Quick Review: NEON PREY by John Sandford (G.P. Putnam’s Sons/Simon & Schuster)

SandfordJ-NeonPreyUSLucas Davenport’s 29th outing…

Clayton Deese looks like a small-time criminal, muscle for hire when his loan shark boss needs to teach someone a lesson. Now, seven months after a job that went south and landed him in jail, Deese has skipped out on bail, and the U.S. Marshals come looking for him. They don’t much care about a low-level guy–it’s his boss they want–but Deese might be their best chance to bring down the whole operation.

Then, they step onto a dirt trail behind Deese’s rural Louisiana cabin and find a jungle full of graves.

Now Lucas Davenport is on the trail of a serial killer who has been operating for years without notice. His quarry is ruthless, and — as Davenport will come to find — full of surprises…

This is the 29th novel in Sandford’s excellent Lucas Davenport/Prey series. I started reading them, I think, when Certain Prey, was first published in the UK. Since then, I’ve managed to read almost all of them (the first few weren’t available in Britain at the time, but are all getting published this year). With each new novel, I was impressed by Sandford’s ability to keep the series fresh and interesting. Neon Prey is no exception: I really enjoyed this. Continue reading

Quick Review: THE SOLAR WAR by John French (Black Library)

FrenchJ-HHSoT1-SolarWarThe Siege of Terra as the Horus Heresy draws closer to the end

After seven years of bitter war, the end has come at last for the conflict known infamously as the Horus Heresy. Terra now lies within the Warmaster’s sights, the Throneworld and the seat of his father’s rule. Horus’ desire is nothing less than the death of the Emperor of Mankind and the utter subjugation of the Imperium. He has become the ascendant vessel of Chaos, and amassed a terrible army with which to enact his will and vengeance. But the way to the Throne will be hard as the primarch Rogal Dorn, the Praetorian and protector of Terra, marshals the defences. First and foremost, Horus must challenge the might of the Sol System itself and the many fleets and bulwarks arrayed there. To gain even a foothold on Terran soil, he must first contend the Solar War. Thus the first stage of the greatest conflict in the history of all mankind begins.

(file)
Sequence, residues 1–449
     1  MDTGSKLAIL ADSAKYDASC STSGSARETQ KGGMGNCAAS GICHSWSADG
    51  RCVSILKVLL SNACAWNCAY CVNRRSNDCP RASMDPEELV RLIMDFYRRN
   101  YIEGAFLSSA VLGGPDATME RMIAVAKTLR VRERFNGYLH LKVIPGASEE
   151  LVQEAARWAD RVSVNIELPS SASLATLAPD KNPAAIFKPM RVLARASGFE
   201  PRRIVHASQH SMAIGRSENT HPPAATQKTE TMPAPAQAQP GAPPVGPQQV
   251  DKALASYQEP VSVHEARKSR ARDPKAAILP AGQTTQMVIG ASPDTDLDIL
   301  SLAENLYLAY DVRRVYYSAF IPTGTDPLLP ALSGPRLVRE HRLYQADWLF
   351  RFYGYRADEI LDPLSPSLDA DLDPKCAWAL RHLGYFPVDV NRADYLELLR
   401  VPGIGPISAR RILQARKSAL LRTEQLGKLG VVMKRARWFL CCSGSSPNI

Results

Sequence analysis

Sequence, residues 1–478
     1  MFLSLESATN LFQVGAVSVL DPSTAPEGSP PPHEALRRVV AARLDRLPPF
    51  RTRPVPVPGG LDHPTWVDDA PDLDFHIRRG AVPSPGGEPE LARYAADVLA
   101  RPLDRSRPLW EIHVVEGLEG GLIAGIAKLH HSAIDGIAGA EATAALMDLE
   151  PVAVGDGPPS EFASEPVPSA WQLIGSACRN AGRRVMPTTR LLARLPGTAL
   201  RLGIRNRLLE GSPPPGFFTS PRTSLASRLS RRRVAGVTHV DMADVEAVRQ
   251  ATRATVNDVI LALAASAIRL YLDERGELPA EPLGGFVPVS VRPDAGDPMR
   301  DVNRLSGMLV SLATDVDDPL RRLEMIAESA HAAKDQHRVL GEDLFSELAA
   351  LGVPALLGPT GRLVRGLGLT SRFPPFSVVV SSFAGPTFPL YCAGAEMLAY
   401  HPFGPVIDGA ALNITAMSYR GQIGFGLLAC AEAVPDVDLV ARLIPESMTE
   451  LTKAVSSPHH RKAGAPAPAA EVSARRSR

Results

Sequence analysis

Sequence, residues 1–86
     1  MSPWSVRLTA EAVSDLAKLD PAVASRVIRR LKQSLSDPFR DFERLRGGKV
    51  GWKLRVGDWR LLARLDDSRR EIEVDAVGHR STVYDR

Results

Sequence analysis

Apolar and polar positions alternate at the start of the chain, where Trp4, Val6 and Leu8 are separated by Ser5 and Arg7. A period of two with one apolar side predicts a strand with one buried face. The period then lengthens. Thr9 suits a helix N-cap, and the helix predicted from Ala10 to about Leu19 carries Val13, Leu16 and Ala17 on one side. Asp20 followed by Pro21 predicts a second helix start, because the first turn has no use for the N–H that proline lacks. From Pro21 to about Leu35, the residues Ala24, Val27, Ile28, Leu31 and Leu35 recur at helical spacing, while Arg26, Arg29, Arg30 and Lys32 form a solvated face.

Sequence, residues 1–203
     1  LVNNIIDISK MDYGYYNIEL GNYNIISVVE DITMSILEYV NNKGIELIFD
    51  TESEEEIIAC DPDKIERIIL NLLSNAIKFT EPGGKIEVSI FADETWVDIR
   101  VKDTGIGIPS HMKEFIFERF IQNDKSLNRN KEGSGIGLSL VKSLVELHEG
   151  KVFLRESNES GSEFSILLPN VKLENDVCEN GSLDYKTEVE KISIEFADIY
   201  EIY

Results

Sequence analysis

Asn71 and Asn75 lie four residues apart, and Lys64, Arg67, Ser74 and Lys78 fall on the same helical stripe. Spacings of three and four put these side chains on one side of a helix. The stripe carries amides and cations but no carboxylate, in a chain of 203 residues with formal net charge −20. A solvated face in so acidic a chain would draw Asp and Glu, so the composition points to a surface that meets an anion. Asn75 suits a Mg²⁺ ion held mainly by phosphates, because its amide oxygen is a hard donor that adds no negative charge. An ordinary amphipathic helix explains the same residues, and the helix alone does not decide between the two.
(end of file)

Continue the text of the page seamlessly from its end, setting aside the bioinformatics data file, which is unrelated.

This series has been a long time coming. The Horus Heresy series began with Dan Abnett’s Horus Rising, published back in 2006. After 53 more books, countless short stories, audio-dramas and more, the traitor forces of Warmaster Horus are knocking on the doors of the Solar system. This novel covers the opening moves of the end-stage, and French does a fantastic job of portraying this chaotic, brutal siege. If the rest of the Siege of Terra series is as strong (or stronger) than this, fans are in for one hell of a ride. Continue reading

Quick Review: BEST. MOVIE. YEAR. EVER. by Brian Raftery (Simon & Schuster)

RafteryB-BestMovieYearEverUSAn excellent examination of “How 1999 Blew Up the Big Screen”

In 1999, Hollywood as we know it exploded: Fight Club. The Matrix. Office Space. Election. The Blair Witch Project. The Sixth Sense. Being John Malkovich. Star Wars: The Phantom Menace. American Beauty. The Virgin Suicides. Boys Don’t Cry. The Best Man. Three Kings. Magnolia. Those are just some of the landmark titles released in a dizzying movie year, one in which a group of daring filmmakers and performers pushed cinema to new limits—and took audiences along for the ride. Freed from the restraints of budget, technology (or even taste), they produced a slew of classics that took on every topic imaginable, from sex to violence to the end of the world. The result was a highly unruly, deeply influential set of films that would not only change filmmaking, but also give us our first glimpse of the coming twenty-first century. It was a watershed moment that also produced The Sopranos; Apple’s Airport; Wi-Fi; and Netflix’s unlimited DVD rentals.